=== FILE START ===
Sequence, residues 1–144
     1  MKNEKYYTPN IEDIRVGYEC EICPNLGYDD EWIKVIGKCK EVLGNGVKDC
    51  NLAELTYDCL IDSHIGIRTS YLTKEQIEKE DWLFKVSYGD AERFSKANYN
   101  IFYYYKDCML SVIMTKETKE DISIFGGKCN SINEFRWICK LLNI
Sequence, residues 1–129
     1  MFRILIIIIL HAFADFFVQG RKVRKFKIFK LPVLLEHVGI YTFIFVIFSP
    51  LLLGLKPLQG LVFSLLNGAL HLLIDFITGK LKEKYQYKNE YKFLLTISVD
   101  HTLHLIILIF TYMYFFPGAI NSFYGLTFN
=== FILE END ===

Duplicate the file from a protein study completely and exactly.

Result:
Sequence, residues 1–144
     1  MKNEKYYTPN IEDIRVGYEC EICPNLGYDD EWIKVIGKCK EVLGNGVKDC
    51  NLAELTYDCL IDSHIGIRTS YLTKEQIEKE DWLFKVSYGD AERFSKANYN
   101  IFYYYKDCML SVIMTKETKE DISIFGGKCN SINEFRWICK LLNI
Sequence, residues 1–129
     1  MFRILIIIIL HAFADFFVQG RKVRKFKIFK LPVLLEHVGI YTFIFVIFSP
    51  LLLGLKPLQG LVFSLLNGAL HLLIDFITGK LKEKYQYKNE YKFLLTISVD
   101  HTLHLIILIF TYMYFFPGAI NSFYGLTFN